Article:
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Discrimination diagram Zr vs. Ga/Al for leucogranites of the Eastern Desert

The investigated granites are all leucogranites with a narrow range of SiO2 between 72 and 78% (exception: Um Lasifa) and thus consists mainly of quartz and feldspars with only minor amounts of mafic minerals (biotite, hornblende) leading to nearly eutectic compositions. However, in spite of this uniform feature most of the geochemical parameters clearly show the existence of two distinct types of leucogranitic, late- to post-tectonic rocks (compare the geochemical diagrams). One series stands for a typical calc-alkaline volcanic arc rock suite, represented by G. Filat, Um Lasifa, G. Nasiya, parts of Abu Khareef, and Kadabora granites. Their differentiation patterns mainly results from the fractionation of hornblende, biotite, and plagioclase. In the Pearce discrimination plots all of these rocks plot within the field of 'volcanic arc granites' (VAG).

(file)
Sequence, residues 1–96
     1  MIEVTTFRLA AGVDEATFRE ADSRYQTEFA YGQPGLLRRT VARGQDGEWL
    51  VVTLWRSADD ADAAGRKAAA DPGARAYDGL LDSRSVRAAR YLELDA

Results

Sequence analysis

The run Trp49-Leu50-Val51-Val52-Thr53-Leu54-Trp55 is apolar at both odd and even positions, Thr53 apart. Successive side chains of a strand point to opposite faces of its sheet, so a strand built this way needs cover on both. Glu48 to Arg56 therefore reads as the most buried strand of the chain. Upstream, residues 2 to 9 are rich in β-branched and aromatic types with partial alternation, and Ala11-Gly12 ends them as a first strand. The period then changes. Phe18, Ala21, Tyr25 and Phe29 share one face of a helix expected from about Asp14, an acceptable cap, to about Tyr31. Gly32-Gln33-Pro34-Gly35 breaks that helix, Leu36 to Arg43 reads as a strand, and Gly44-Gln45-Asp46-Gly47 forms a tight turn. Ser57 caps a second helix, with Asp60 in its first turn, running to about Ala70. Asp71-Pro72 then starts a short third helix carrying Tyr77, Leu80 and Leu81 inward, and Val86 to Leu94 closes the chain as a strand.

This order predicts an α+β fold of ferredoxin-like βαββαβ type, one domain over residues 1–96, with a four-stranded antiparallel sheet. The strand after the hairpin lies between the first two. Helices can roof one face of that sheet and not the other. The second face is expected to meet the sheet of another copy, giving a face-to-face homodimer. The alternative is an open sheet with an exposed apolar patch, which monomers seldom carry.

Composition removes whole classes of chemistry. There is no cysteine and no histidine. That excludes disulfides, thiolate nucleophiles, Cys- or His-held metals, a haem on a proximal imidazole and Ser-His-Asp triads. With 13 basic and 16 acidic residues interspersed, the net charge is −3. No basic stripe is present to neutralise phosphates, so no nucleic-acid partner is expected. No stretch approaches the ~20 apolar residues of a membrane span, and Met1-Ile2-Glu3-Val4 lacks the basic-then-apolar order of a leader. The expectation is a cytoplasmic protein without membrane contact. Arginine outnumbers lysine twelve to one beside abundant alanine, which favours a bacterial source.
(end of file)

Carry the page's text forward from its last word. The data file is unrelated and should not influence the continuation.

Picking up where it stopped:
The second group of leucogranites (represented by Abu Khareef, Abu Hamer, and Hamrat el Feg) are lowered in Al, but enriched in Fe, alkalies, REE, Zr and other trace elements like Y, Nb etc. (see diagram above). According to the Pearce discrimination they are 'within plate granites'; according to the discrimination of Whalen et al.(1984) we are dealing with A-type granites (see diagram left side).

II. A-Type Granites of the Eastern Desert